Digital Trends Impacting Insurance Claims Departments in 2017

By Denise Johnson | January 9, 2017

Customer engagement, improved usability in all claims systems and expanded use of data analytics are just a few of the trends predicted for 2017 as insurers pick up the pace on digitization, according to Ed Charlton, global director for Strategies for CSC.

Digital insurance will be adopted more rapidly in every aspect, Charlton said. CSC, a provider of technology products and services for all lines of insurance, works with carriers of all sizes; however, the adoption rate for these changes are occurring more rapidly with larger insurers.

“Digital in the claims world is going to move towards access from any device…in a particular and easy to use way,” Charlton explained. “No matter who you are in terms of where you need to interact with the claims division, whether it be an insured, whether it be a claimant, whether it be an agent seeking claim information on the policies they booked with you, there would be a uniform digital access to the system.”

A system of engagement for all parties accessing claims systems will be key in 2017.

“If you think about a claims admin system, we would characterize that as the system of records, the back end admin system for a company to run claims,” explained Charlton. “With the move really around the globe to digital insurance in claims…I think insurance companies are going to be trying to enhance their systems of engagement, how do they engage at the front end with each of the parties with whom they need to deal with along the spectrum of claims handling.”

There will be an emphasis on improved user interface and real-time configuration to ensure adjusters and vendors can easily access and use back end claims administration systems, he said.

“For example, let’s say, they [insurance company] use a third party for medical bill review. They want ease of access and real time integration to that third party medical bill review company so that the claim adjuster goes right to a screen within the claims admin system, obtains the information and then is online, so to speak, with the medical bill review component of the overall software experience,” Charlton said.

Another key trend for 2017 is improved configuration within systems so that carriers can make changes to business rules without hard coding, Charlton explained. It’s a way to eliminate carriers from going back to a vendor, like CSC, repeatedly to make changes to a system.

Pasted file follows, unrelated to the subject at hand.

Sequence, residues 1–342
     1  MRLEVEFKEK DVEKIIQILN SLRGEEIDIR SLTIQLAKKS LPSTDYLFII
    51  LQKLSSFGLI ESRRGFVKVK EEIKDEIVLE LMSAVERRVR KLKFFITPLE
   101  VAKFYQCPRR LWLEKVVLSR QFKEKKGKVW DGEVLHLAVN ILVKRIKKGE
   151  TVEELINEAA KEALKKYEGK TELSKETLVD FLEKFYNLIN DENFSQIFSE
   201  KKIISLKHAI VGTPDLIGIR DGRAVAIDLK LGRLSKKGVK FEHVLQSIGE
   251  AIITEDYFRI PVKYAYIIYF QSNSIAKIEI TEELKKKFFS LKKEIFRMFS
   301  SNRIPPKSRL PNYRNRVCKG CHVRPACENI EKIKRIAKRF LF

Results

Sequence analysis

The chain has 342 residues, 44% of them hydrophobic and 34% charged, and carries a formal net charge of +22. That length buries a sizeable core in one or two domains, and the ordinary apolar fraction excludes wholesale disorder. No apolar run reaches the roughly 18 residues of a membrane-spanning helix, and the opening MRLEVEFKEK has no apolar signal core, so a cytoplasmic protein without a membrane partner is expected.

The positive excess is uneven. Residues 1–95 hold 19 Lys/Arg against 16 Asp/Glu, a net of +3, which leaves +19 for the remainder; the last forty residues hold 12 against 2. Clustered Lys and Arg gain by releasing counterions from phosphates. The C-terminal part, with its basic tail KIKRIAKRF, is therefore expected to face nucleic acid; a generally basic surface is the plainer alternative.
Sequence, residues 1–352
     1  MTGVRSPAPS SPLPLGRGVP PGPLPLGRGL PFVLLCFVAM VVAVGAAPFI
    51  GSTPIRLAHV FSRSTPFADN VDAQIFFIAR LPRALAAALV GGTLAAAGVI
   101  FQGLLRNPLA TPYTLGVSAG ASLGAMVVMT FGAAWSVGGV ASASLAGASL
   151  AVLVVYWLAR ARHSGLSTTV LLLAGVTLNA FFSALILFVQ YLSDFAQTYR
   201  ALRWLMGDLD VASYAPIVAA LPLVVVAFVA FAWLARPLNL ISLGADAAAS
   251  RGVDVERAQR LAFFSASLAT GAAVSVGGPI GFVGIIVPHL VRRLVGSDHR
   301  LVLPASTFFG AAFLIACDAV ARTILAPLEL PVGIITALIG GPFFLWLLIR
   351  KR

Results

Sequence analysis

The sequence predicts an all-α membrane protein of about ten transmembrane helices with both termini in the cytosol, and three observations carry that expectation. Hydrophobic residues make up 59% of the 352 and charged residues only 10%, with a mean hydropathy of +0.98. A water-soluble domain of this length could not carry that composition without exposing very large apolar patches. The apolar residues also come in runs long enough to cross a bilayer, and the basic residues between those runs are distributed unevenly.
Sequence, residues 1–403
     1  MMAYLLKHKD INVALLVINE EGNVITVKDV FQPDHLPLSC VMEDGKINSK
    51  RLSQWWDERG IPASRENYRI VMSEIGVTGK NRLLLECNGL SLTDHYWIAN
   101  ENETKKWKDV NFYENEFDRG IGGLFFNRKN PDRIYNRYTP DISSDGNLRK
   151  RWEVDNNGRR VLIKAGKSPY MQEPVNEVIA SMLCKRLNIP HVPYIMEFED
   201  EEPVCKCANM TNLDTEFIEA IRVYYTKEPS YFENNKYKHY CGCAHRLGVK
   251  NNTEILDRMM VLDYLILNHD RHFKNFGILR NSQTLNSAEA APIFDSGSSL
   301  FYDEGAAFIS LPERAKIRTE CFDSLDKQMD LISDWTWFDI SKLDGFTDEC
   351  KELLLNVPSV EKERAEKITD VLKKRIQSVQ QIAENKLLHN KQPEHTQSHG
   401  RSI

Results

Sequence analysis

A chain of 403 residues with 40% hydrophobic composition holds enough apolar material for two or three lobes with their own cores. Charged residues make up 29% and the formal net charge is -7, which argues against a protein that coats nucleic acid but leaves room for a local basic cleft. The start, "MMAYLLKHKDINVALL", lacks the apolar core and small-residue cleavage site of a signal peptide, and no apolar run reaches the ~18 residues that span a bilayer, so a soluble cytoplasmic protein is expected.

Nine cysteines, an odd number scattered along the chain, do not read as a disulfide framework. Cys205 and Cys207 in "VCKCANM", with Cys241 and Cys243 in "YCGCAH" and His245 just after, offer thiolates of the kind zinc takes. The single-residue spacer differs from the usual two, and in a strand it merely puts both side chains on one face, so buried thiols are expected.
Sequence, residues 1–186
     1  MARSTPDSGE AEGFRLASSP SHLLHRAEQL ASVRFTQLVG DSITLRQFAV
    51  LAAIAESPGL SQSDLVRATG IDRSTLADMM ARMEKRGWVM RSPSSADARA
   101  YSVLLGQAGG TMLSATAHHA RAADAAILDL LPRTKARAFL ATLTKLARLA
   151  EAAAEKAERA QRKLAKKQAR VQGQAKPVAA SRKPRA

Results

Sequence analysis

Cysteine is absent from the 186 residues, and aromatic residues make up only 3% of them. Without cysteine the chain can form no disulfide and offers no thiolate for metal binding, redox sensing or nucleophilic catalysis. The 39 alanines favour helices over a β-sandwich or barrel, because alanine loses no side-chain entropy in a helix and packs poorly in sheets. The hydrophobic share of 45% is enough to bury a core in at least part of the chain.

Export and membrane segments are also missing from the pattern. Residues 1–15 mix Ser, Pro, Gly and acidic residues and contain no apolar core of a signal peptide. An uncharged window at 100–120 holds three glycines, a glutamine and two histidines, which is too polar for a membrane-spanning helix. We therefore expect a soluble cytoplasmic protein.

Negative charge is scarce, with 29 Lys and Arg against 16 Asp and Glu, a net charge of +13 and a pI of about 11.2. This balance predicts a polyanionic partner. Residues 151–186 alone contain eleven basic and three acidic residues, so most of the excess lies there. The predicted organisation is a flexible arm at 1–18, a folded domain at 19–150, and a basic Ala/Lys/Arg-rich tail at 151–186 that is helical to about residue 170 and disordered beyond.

Charlton expects carriers will no longer require customers to download an app for access to claims services. Instead, a claimant or insured will be able to access the system through a URL to submit information relating to a claim, including photos and videos. CSC has begun working with a company to offer this type of access.

“It’s evidence of an omnichannel front end system of engagement to the back end claims system. It provides easy access to the system from any device, but then it’s also moving ahead of the trend with allowing claimants or insureds to do so without having to download an app,” said Charlton, who noted that the acceptance of direct access into claims system by insureds has been relatively low if they have to download an app.

“With this system…we have 80 percent acceptance of utilizing the self service software, which is extremely high,” Charlton said, adding that customer satisfaction associated with this type of system access is also high.

With all the improvements to systems and additional access, cyber security is a concern for insurers.

“You’re going to see rapid adoption of additional cyber security measures for any of this. We’re talking about access to an insurance carrier system,” Charlton said. “The ability to ensure that that is secure is of utmost importance, and we’re going to see a lot of adoption of additional cyber security measures.”

According to Ernst & Young’s 2017 US property-casualty insurance outlook report, as insurers continue to ramp up cyber security coverage offerings, they will be under pressure to ensure they have “robust security systems to protect against cyber attacks within their own enterprises.”

Charlton expects that insurers will also be more amenable to putting their data in the cloud with the adoption of cyber security enhancements.

“The insurance industry, in general, was a little behind the curve in adopting cloud, and a lot of the reason was about concerns about security for the data. We are seeing now more customers moving to the cloud with respect to the cell phone services we deliver,” he said.

In 2017, Charlton expects that insurers will continue to ensure the data they are acquiring is being utilized.

“The use of data analytics is growing. It attempts to consolidate data across multiple platforms. You mentioned the medical bill review, you have your data in your back end system, then you have data in the medical review system. If those systems are integrated and you can pull the data, then obviously, the data becomes more powerful,” Charlton said. “We’re actually working on a special project right now for a large carrier…we’re pulling their back end claims system with their litigation data so the litigation data is in one system, and then their back end claims transaction data is in another system.

Ernst & Young’s report predicts that insurers will increase their use of advanced analytics across multiple platforms, including claims, underwriting and customer relationship management systems.

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